Photobooks of 2020: Brad Feuerhelm

Peter Mitchell

This list is incredibly abbreviated. The expanded lists will commence on American Suburb X and Nearest Truth in December. I have taken out previously published material from this list such as Gordon Parks the Atmosphere of Crime, Samuel Fosso’s Autoportrait and Wendy Ewald’s Portraits and Dreams. I have also taken out critical text books such as Imagining Everyday Life Engagements With Vernacular Photography (Walther Collection) and books from Mack’s Discourse Series, which are incredibly important. There is a list of why I didn’t put titles on this list available…

So, in no order and by no means definitive…

Early Sunday Morning by Peter Mitchell, RRB

Astounding use of Mitchell’s archive that exceeds his earlier attempts and gives a generous and rightful tome for his important work. RRB are killing it. I put this title in as I believe it supersedes previously published books about Mitchell’s work, and although older work, this form truly breaks the barrier and should be held as something definitive.

Pleasant Street by Judith Black, Stanley/Barker

I took this book on spec thinking I might find it too sentimental, instead I ended up with something wrenchingly universal. Her conversation with me on Nearest Truth was a highlight.

12hz by Ron Jude, MACK

This is another important Jude title which questions the power and resonance of earth’s natural ability to remind us of our very small place within the universe focused on upheaval and tectonic might. One could argue the images reflect the social moment and yet, there is not a single person in sight. Jude continues to emerge as a strong and varied image-maker.

Constructed Landscapes by Dafna Talmor, FW Books

Dense and full of discovery about the photographic process. This was an early tip for me this year after seeing the pdf and interviewing Dafna whose honesty of process (as seen in the back of the book) is exemplary.

Heaven is a Prison by Mark McKnight, Loose Joints

Another brilliant 2020 offering. Even if you divide the sex from the book, the landscapes and the return to the body ask questions of our environment and how we facilitate closeness on this big spinning rock called earth. If you add the sex, it travels even faster spinning a wider net about identity, orientation and safety.

Ciprian Honey Cathedral by Raymond Meeks, MACK

A poetic and astute observation of domestic worlds, inter-personal relationships and the continuation of Meeks brilliantly poetic lens in book form. Raymond finds a shortcut to emotion and reflection and surgically brings the viewer closer to reckoning with the ever-short moments we inhabit in our lives.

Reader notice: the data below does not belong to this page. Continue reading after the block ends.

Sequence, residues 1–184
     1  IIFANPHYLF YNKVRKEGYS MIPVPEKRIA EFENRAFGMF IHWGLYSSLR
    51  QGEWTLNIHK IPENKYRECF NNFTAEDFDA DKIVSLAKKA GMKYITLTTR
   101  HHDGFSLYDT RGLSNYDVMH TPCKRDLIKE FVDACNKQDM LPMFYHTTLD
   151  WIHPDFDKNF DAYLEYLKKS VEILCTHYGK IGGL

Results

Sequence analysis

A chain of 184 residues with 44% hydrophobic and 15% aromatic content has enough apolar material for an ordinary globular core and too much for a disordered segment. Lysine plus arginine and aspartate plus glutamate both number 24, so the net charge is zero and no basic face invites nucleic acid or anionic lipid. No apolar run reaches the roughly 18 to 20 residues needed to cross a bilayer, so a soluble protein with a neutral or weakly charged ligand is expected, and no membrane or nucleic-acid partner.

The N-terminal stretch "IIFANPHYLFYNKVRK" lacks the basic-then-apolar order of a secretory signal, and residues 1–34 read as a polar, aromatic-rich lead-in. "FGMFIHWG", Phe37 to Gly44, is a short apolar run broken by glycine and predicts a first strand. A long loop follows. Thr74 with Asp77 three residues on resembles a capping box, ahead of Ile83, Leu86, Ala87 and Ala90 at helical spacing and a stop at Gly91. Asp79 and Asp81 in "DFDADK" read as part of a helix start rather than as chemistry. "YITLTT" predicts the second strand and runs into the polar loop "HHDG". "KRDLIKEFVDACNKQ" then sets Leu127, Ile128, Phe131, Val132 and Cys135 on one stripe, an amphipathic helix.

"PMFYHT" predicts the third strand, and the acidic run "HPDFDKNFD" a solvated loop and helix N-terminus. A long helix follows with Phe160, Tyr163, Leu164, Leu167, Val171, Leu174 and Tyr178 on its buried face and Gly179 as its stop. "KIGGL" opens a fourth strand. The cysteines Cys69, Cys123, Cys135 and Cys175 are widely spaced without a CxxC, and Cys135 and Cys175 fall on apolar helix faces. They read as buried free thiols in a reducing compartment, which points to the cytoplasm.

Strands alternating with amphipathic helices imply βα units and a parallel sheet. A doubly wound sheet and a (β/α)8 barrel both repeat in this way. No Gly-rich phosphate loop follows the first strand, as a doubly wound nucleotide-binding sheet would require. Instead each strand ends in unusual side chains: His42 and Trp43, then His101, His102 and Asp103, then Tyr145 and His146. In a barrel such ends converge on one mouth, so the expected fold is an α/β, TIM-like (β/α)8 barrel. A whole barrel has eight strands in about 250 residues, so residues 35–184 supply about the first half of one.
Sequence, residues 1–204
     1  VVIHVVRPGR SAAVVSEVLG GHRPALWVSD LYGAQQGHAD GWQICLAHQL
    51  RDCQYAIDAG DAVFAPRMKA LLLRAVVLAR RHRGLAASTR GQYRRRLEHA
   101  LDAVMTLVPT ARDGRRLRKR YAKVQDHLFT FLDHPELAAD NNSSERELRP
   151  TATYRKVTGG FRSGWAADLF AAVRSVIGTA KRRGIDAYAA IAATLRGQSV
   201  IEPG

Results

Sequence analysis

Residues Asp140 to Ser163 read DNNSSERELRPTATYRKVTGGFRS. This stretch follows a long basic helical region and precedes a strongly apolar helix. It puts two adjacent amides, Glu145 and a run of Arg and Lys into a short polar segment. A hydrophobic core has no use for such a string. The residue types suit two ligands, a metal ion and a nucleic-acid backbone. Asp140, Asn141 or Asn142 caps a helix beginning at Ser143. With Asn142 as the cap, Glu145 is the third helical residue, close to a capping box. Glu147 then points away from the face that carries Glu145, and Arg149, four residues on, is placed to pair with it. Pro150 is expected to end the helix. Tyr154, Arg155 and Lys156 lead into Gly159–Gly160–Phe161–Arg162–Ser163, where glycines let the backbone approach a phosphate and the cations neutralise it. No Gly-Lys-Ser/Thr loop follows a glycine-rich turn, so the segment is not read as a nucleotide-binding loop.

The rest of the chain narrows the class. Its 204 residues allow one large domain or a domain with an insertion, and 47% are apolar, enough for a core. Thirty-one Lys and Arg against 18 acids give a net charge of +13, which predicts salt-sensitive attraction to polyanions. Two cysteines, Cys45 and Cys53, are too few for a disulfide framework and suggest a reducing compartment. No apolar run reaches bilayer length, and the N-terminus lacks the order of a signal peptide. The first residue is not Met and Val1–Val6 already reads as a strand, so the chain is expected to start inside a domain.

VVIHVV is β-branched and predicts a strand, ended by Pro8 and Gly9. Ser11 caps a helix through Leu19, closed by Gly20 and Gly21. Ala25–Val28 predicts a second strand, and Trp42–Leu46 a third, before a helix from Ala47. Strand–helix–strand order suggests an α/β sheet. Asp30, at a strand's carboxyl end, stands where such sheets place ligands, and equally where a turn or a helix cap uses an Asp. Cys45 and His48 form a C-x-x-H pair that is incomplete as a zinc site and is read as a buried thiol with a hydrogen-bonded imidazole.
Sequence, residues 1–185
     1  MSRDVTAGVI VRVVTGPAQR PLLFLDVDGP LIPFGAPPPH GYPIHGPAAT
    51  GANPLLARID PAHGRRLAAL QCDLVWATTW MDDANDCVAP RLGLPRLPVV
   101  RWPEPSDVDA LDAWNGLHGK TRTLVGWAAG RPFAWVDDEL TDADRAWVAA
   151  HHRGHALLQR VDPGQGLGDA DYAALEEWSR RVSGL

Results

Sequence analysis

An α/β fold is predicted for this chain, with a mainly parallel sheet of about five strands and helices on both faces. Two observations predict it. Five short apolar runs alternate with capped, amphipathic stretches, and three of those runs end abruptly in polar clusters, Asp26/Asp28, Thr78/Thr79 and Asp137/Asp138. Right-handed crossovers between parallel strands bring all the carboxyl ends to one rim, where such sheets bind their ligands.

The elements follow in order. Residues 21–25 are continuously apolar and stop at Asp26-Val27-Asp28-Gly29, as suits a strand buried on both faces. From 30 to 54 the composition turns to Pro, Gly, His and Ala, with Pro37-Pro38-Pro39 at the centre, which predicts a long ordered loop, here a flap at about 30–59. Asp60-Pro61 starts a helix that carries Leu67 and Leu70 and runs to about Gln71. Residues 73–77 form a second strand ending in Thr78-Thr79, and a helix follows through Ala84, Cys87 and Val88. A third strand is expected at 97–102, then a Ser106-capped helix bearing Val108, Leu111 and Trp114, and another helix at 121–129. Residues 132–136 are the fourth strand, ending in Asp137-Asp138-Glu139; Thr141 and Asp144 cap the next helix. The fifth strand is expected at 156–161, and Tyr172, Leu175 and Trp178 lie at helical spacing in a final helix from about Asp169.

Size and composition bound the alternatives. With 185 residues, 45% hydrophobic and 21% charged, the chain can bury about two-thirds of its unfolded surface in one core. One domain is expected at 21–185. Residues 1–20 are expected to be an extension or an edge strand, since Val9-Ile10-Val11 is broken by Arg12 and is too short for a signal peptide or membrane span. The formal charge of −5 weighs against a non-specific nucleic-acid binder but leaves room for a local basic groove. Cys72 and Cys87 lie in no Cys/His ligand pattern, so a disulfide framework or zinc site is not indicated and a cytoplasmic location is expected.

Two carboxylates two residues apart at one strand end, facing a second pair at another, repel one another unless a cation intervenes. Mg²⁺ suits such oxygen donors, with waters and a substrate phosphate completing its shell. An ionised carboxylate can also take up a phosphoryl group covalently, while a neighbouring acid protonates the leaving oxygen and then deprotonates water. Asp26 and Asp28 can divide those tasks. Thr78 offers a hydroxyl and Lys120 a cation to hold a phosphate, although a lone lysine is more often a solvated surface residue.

Girl Pictures by Justine Kurland, Aperture

On the note of parallel universes comes Kurland’s ambitious and compelling book in which we are asked to look into a nymphesque world of young women whose universe is recognized by their autonomy and safety. There is something oddly inviting about the work, though it is to be seen and not handled.


Miss Cox by Mariken Wessels, FW Books

A brilliant investigation between archive, sculpture and photography. Wessels continues her investigation into the use of parallel archives and narratives to form a new and fresh dialogue with the history of photography. Employing Muybridge’s Model 20 as a starting point, Wessels investigation is incredibly inspiring.


Fordlandia by JM Ramirez-Suassi, Self-published

Thinking through the history of capitalism through Ford’s Brazilian plant found in decay, Ramirez-Suassi asks the viewer to correlate the relics in front of his camera with the current global moment. That he is a gifted image-maker is apparent.

78 by Issei Suda, Chose Commune

Suda is one of the more important Japanese photographers rightfully claiming his post-humous place in the world of books. Having Chose Commune edit the work and give it a new format as an access point to the West is a great move

Ehime by Gerry Johansson, T&M Projects

A much needed second Japanese book from Johansson whose Tokyo book is prohibitively expensive. With Gerry, at this stage, it is hard to choose between his best books this year (4 of them). In some ways I prefer Meloni Meloni, but Ehime is probably the book that fills the gap of location on my shelves the most. It is also beautiful designed paying tribute to Johansson’s format, but adding some smart Japanese photobook nuance with the cover in particular.

Midnight La Frontera by Ken Light, TBW Books

An incredibly arresting body of work about the historic Mexico and American border brilliantly executed by TBW Books. This was an early win in 2020.

Day Sleeper by Sam Contis & Dorothea Lange, MACK

A convincing and important examination of Lange’s work re-shuffled and re-imagined by Sam Contis. One part archival, one part visionary, the book is an exceptional look at two great artists working together from disparate sides of the great divide of life and death.

On Contested Terrain by An-My Lê, Aperture

A dense book about personal history and the political divide between the two countries of Vietnam and America and the military and ideological complexes that raise questions about their respective landscape and their traditions of visualization.


Fernweh by Teju Cole, Mack

This title was much better than anticipated. It opened up a way for me to see Cole’s images without having to wade through his text pieces which often ask me to distract myself from his abilities as a gifted photographer. In doing so, it has convinced me more of his work and it feels like a more finely-prodced effort than Blindspot for example.

Brad Feuerhelm is the managing editor of Nearest Truth and American Suburb X

Images: top - Early Sunday Morning by Peter Mitchell, below - Pleasant Street by Judith Black

Judith Black